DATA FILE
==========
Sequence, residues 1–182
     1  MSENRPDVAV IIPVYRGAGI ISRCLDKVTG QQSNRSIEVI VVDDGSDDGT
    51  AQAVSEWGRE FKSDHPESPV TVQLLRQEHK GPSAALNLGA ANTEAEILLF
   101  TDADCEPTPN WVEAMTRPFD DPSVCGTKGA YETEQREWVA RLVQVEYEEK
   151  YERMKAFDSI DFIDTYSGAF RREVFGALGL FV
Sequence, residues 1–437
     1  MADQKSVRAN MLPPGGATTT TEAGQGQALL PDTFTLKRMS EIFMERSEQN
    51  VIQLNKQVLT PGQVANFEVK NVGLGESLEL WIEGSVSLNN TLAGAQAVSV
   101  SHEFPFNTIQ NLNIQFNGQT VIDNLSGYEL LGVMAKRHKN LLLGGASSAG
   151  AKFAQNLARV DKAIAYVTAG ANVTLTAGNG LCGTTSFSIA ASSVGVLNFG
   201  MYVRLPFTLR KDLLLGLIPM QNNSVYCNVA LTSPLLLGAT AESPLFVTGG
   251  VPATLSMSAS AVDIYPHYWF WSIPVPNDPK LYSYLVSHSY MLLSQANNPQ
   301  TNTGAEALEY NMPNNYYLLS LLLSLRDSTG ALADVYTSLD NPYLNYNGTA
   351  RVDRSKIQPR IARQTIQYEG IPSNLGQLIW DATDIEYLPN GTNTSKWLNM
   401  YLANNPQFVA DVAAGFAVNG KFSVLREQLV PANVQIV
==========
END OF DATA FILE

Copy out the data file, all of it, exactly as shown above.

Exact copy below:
Sequence, residues 1–182
     1  MSENRPDVAV IIPVYRGAGI ISRCLDKVTG QQSNRSIEVI VVDDGSDDGT
    51  AQAVSEWGRE FKSDHPESPV TVQLLRQEHK GPSAALNLGA ANTEAEILLF
   101  TDADCEPTPN WVEAMTRPFD DPSVCGTKGA YETEQREWVA RLVQVEYEEK
   151  YERMKAFDSI DFIDTYSGAF RREVFGALGL FV
Sequence, residues 1–437
     1  MADQKSVRAN MLPPGGATTT TEAGQGQALL PDTFTLKRMS EIFMERSEQN
    51  VIQLNKQVLT PGQVANFEVK NVGLGESLEL WIEGSVSLNN TLAGAQAVSV
   101  SHEFPFNTIQ NLNIQFNGQT VIDNLSGYEL LGVMAKRHKN LLLGGASSAG
   151  AKFAQNLARV DKAIAYVTAG ANVTLTAGNG LCGTTSFSIA ASSVGVLNFG
   201  MYVRLPFTLR KDLLLGLIPM QNNSVYCNVA LTSPLLLGAT AESPLFVTGG
   251  VPATLSMSAS AVDIYPHYWF WSIPVPNDPK LYSYLVSHSY MLLSQANNPQ
   301  TNTGAEALEY NMPNNYYLLS LLLSLRDSTG ALADVYTSLD NPYLNYNGTA
   351  RVDRSKIQPR IARQTIQYEG IPSNLGQLIW DATDIEYLPN GTNTSKWLNM
   401  YLANNPQFVA DVAAGFAVNG KFSVLREQLV PANVQIV